With a report out from the Centers for Disease Control and Prevention revealing that one in five Americans cant get the healthcare they need, a major physicians group seriously entertaining the idea of a single-payer system and presidential candidates duking it out daily over the issue, healthcare reform loomed ever larger last week. However, as this page has noted, the odds of any of the current reform plans being enacted as written are about the same as a lottery windfall. So this might be the time to discuss what real, bipartisan reform might look like.
The fact is that even if a reform-minded Democrat wins the White House (as is likely) and the Democrats keep control of both houses of Congress next year (even more likely), any reform plan will likely need at least some Republican support. Many on the right see any form of expansion of government-paid care as unacceptable, and would use the Senates arcane rules to block a plan that includes it. It is hard to see the Democrats gaining the needed 10 votes in the Senate to prevent filibusters.
As it turns out, there is already legislation on Capitol Hill that might serve as a template for bipartisan reform. It was offered in January by Sen. Ron Wyden (D-Ore.), who long has championed universal coverage but now wants to actually do something about it with colleagues on the other side of the aisle.
Wyden and chief co-sponsor Bob Bennett, a conservative Utah Republican, have garnered key GOP support for the Healthy Americans Act by promising to end most employer-sponsored care while holding the line on healthcare spendingperhaps even reducing it. Other key Senate backers of the plan include Mike Crapo (R-Idaho), and Chuck Grassley (R-Iowa). Not exactly a radical bunch.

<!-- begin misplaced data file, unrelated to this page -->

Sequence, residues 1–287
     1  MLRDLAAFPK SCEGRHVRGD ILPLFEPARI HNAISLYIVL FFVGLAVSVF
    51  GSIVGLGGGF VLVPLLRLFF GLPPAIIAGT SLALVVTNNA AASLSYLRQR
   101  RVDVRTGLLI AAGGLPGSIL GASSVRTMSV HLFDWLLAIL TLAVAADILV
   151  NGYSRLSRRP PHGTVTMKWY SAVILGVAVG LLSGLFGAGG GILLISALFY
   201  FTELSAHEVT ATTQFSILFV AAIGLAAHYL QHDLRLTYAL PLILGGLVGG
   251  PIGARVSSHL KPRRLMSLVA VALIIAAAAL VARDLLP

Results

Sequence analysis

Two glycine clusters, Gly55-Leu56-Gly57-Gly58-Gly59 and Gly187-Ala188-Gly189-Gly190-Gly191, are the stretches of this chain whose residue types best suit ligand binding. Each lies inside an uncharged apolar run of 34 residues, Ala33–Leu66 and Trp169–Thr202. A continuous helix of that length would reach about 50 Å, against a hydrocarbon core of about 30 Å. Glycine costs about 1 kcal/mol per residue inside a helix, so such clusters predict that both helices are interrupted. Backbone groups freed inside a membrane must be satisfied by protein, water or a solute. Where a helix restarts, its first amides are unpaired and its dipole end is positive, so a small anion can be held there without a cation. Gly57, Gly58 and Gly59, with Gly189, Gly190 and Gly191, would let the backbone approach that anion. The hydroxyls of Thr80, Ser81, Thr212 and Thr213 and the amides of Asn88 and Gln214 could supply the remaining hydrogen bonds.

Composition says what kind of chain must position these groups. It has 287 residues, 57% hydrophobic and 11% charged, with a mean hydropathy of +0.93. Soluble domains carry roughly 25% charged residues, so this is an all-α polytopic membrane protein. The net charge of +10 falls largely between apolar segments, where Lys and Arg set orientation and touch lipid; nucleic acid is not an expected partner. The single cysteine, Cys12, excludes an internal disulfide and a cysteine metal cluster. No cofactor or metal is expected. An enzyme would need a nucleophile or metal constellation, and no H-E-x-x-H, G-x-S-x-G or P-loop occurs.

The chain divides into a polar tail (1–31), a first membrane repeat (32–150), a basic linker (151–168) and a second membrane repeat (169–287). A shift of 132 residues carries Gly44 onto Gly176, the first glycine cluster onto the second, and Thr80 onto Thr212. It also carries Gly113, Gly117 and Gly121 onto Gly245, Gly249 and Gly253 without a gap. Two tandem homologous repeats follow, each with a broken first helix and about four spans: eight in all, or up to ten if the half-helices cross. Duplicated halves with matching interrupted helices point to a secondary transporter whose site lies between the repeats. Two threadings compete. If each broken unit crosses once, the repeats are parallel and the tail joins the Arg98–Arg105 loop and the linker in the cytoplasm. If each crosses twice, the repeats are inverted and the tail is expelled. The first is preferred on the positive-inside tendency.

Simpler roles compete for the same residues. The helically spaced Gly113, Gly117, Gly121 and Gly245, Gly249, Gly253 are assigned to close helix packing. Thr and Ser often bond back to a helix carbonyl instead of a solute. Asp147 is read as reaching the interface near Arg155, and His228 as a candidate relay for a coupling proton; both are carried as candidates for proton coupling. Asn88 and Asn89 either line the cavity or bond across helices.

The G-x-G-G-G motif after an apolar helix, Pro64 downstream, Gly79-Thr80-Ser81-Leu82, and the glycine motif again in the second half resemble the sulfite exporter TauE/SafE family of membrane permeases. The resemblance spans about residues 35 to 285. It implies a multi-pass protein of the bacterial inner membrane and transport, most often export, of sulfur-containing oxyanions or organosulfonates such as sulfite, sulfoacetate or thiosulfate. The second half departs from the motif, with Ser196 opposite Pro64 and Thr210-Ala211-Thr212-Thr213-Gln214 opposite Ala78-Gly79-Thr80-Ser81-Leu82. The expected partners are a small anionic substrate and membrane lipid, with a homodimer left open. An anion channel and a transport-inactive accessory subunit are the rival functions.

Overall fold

As Crapo puts it: The Healthy Americans Act is an important first step towards comprehensive bipartisan healthcare reform in the United States which aims to provide every American with health insurance while simultaneously recognizing the importance of a free-market approach.
It is in many ways a radical plan. Employers would be able to drop healthcare coverage, but initially would have to pay workers the amount of money they used to contribute to premiums so workers could afford private insurance, which they would be obligated to purchase. The private market would be dramatically re-engineered to offer a menu of coverage equal to what members of Congress have available.
Insurers would be proscribed from denying coverage or making it more costly based on peoples health status or age. Subsidies and tax credits would allow people making up to 400% of the federal poverty level to get assistance paying premiums. And new state Health Help Agencies would drive down insurance costs by steering people to the lower-cost plans and coordinating payments from employers, individuals and the government.
There would be strong incentives for individuals, providers and insurers to focus on prevention, wellness and disease management.
This plan, those using different nomenclature, has a major tax increase in it because employers would be helping to offset the costs of subsidized coverage. But Republicans could crow about taking away the burden of healthcare coverage for those businesses that no longer can afford it or are losing the competitive race with foreign companies that benefit from not having to offer it.
One can quibble with any aspect of the plan, as with any reform initiative. But the point is that without including some of the free market ideas of those Republicans who support universal coverage, Democrats wont succeed in passing legislation and the nations 47 million uninsured will stay that way.